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|John Joseph Hopfield|
July 15, 1933|
Chicago, Illinois, USA
Hopfield Network |
Harold Pender Award (2002)|
Dirac Medal of the ICTP (2002)
Oliver Buckley Prize of the American Physical Society
Albert Einstein World Award of Science (2005)
|Fields||Physics, Molecular Biology, Neuroscience|
University of California, Berkeley
California Institute of Technology
|Thesis||A Quantum-Mechanical Theory of the Contribution of Excitons to the Complex Dielectric Constant of Crystals (1958)|
|Doctoral advisor||Albert Overhauser|
David J. C. MacKay |
Hopfield was born in 1933 to Polish physicist John Joseph Hopfield and his physicist wife Helen Hopfield. Helen was the older Hopfield's second wife. He is the sixth of Hopfield's children and has three children and six grandchildren of his own.
He received his A.B. from Swarthmore College in 1954, and a Ph.D in physics from Cornell University in 1958 (supervised by Albert Overhauser). He spent two years in the theory group at Bell Laboratories, and subsequently was a faculty member at University of California, Berkeley (physics), Princeton University (physics), California Institute of Technology (Chemistry and Biology) and again at Princeton, where he is the Howard A. Prior Professor of Molecular Biology, Emeritus. For 35 years, he also continued a strong connection with Bell Laboratories.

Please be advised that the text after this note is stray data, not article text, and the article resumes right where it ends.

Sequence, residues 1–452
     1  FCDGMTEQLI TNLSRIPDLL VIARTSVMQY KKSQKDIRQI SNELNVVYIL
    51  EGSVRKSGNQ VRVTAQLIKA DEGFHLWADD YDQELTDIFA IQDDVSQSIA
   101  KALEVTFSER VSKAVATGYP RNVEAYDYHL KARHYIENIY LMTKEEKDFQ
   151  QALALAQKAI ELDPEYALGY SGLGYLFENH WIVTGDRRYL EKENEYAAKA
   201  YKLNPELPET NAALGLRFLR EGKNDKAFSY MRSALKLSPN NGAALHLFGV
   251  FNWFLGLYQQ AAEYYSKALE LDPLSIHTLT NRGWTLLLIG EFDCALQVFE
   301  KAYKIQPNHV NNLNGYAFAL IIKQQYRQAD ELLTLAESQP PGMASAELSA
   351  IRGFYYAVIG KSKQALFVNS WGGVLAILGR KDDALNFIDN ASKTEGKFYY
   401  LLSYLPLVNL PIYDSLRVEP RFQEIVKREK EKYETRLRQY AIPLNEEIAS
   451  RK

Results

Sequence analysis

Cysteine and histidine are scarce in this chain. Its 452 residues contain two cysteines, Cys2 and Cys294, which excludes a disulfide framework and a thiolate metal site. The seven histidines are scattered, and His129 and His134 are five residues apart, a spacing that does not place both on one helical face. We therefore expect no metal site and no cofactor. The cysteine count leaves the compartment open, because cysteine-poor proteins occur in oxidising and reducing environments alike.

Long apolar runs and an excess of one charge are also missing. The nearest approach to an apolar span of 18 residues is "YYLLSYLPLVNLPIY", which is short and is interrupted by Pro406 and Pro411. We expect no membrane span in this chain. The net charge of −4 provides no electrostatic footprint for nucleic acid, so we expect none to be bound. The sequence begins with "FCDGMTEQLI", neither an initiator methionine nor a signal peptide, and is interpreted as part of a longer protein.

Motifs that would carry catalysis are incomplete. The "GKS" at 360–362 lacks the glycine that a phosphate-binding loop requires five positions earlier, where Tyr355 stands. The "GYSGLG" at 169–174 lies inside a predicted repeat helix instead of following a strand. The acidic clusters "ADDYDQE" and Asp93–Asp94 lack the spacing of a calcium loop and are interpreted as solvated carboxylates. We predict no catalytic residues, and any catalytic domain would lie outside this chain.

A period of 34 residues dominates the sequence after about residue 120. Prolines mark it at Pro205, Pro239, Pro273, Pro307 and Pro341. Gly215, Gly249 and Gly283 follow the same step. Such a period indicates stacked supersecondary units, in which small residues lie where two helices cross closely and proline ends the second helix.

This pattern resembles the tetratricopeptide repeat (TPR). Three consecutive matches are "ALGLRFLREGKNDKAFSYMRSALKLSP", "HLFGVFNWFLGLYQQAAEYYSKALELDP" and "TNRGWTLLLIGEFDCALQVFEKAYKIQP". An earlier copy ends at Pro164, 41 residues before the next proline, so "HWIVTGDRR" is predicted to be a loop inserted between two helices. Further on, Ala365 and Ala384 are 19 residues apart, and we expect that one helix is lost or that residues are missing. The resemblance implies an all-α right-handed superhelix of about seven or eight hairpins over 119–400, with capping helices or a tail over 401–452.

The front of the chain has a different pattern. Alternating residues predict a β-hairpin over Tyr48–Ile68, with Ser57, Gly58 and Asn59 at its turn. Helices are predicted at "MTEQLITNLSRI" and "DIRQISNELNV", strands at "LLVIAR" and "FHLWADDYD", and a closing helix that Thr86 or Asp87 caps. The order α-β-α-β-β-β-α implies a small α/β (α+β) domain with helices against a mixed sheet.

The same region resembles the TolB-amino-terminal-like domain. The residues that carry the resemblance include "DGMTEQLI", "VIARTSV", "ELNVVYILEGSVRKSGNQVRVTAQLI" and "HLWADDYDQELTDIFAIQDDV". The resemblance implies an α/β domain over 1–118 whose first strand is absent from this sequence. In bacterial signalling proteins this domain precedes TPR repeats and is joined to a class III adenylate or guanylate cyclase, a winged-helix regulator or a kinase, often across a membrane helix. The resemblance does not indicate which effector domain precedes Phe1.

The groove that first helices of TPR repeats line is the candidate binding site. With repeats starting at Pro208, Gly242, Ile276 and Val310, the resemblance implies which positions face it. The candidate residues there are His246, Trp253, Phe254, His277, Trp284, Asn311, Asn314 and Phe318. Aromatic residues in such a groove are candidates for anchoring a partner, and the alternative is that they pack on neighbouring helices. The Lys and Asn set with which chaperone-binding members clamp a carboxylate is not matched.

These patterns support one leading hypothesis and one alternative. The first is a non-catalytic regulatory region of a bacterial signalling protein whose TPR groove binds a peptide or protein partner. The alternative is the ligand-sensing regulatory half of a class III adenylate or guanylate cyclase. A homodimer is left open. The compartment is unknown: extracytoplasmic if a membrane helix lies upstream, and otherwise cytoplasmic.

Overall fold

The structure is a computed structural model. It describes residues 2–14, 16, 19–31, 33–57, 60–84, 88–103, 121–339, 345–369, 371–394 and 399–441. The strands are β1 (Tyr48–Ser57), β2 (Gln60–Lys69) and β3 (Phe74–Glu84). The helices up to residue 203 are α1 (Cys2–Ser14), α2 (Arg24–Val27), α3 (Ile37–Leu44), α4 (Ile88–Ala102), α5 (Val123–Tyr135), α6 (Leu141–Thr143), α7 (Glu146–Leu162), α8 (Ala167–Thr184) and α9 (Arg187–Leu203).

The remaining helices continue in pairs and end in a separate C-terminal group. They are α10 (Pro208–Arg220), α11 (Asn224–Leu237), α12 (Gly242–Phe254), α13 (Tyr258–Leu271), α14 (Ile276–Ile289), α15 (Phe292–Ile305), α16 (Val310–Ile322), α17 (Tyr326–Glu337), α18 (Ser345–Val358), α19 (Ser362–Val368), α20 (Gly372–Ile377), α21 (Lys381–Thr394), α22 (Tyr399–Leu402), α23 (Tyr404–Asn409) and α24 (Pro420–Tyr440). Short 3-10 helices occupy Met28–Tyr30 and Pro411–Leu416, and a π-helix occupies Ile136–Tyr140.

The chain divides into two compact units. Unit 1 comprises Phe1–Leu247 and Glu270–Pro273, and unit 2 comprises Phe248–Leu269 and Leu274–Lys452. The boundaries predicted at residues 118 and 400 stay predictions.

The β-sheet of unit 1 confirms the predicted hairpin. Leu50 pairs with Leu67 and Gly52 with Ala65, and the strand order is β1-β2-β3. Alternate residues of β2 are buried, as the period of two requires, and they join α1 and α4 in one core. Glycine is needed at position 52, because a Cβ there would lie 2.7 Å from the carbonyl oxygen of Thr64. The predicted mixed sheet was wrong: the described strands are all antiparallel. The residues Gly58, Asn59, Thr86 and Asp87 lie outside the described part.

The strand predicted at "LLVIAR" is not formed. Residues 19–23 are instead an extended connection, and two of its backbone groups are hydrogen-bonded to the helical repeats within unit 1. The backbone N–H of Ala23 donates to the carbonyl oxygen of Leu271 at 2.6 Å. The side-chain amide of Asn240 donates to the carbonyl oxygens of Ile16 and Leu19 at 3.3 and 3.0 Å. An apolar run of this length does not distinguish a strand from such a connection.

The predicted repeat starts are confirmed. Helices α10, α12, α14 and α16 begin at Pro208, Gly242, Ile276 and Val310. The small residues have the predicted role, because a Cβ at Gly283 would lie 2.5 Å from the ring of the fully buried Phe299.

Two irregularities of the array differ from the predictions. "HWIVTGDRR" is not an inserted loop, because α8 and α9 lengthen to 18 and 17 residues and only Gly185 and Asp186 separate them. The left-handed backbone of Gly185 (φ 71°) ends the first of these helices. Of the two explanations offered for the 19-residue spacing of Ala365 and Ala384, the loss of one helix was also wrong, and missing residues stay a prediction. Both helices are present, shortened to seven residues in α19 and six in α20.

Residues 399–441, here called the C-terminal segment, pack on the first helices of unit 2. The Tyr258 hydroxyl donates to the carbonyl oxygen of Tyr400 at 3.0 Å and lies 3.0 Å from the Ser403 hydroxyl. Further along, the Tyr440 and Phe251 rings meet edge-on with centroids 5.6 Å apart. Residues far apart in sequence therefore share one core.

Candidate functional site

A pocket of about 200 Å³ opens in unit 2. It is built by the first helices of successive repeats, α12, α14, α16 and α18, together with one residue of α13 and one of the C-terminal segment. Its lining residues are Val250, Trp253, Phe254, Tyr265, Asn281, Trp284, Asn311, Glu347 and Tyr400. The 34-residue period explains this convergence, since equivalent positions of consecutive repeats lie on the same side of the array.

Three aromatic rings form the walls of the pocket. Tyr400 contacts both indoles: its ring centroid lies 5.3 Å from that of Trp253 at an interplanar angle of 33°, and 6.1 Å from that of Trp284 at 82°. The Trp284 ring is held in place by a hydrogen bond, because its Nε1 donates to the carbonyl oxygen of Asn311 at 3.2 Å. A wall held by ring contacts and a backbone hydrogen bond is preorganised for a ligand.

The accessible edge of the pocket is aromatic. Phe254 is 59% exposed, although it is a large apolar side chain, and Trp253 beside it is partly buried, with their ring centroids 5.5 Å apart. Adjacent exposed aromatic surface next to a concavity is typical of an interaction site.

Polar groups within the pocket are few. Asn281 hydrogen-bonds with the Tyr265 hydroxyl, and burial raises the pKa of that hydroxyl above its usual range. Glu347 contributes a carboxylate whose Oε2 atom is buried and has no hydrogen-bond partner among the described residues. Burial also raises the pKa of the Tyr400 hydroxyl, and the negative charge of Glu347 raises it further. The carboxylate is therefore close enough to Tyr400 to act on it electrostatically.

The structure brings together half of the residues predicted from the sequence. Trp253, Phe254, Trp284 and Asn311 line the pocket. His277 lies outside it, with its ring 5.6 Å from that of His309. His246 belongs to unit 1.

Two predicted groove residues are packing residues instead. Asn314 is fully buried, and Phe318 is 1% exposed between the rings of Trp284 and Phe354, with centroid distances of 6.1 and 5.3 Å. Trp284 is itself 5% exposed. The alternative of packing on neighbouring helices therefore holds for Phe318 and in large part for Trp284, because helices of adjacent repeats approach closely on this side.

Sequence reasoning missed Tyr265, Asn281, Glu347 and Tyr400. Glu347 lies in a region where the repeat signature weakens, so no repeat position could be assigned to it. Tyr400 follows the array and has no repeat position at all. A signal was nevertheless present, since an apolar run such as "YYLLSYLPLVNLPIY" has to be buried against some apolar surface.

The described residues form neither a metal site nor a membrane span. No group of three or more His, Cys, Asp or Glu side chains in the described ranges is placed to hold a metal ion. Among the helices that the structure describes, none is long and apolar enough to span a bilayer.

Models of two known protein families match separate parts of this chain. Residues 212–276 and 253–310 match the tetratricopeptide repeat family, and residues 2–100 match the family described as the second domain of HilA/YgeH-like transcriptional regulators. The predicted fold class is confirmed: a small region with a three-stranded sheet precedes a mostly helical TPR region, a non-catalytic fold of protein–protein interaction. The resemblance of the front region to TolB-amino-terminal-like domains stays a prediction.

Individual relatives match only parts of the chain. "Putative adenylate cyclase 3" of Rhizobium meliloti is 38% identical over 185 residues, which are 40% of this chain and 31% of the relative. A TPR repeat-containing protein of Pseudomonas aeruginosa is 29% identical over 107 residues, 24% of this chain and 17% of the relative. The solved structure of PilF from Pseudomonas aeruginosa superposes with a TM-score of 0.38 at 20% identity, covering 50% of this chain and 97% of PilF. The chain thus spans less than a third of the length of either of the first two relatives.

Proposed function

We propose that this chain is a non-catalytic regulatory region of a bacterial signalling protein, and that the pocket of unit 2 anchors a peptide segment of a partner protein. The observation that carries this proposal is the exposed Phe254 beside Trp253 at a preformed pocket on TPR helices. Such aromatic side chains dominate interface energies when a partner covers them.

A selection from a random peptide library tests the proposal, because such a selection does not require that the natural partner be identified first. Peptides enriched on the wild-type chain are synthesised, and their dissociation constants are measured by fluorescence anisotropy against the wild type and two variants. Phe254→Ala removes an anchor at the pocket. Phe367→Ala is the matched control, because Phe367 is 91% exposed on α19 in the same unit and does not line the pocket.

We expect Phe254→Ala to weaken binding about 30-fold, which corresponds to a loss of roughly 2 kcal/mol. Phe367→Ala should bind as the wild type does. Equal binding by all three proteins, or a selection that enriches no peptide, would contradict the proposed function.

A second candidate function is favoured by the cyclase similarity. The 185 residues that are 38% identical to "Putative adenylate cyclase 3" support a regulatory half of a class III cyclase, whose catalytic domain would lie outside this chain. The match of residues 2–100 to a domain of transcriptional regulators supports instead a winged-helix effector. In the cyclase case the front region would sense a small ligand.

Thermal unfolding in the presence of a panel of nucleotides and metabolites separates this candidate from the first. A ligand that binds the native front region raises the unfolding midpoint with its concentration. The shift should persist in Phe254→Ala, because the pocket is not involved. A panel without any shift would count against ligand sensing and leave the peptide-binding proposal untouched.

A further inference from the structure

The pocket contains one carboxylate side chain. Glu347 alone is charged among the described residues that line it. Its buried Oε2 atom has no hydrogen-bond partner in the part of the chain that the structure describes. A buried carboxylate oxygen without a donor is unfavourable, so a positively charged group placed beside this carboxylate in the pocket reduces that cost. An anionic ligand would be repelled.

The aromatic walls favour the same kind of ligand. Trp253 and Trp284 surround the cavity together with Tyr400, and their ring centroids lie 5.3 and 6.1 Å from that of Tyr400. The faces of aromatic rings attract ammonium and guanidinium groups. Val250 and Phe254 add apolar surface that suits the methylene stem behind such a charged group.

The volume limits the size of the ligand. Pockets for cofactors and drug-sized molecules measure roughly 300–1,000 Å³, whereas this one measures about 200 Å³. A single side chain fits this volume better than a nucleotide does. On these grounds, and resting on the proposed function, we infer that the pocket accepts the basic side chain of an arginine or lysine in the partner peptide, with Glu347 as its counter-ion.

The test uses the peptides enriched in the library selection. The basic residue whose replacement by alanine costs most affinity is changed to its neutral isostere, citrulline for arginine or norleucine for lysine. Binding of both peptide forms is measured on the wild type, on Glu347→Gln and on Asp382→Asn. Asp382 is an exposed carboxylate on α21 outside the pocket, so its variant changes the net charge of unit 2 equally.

In 1986 he was a co-founder of the Computation and Neural Systems PhD program at Caltech.
His most influential papers have been "The Contribution of Excitons to the Complex Dielectric Constant of Crystals" (1958), describing the polariton; "Electron transfer between biological molecules by thermally activated tunneling" (1974), describing the quantum mechanics of long-range electron transfers; "Kinetic Proofreading: a New Mechanism for Reducing Errors in Biosynthetic Processes Requiring High Specificity" (1974); "Neural networks and physical systems with emergent collective computational abilities" (1982) (known as the Hopfield Network) and, with D. W. Tank, "Neural computation of decisions in optimization problems" (1985). His current research and recent papers are chiefly focused on the ways in which action potential timing and synchrony can be used in neurobiological computation.
Awards and Honours
He was awarded the Dirac Medal of the ICTP in 2002 for his interdisciplinary contributions to understanding biology as a physical process, including the proofreading process in biomolecular synthesis and a description of collective dynamics and computing with attractors in neural networks, and the Oliver Buckley Prize of the American Physical Society for work on the interactions between light and solids. He is a member of the National Academy of Sciences, the American Philosophical Society, and the American Academy of Arts and Sciences. He received the Albert Einstein World Award of Science in 2005. He was the President of the American Physical Society in 2006.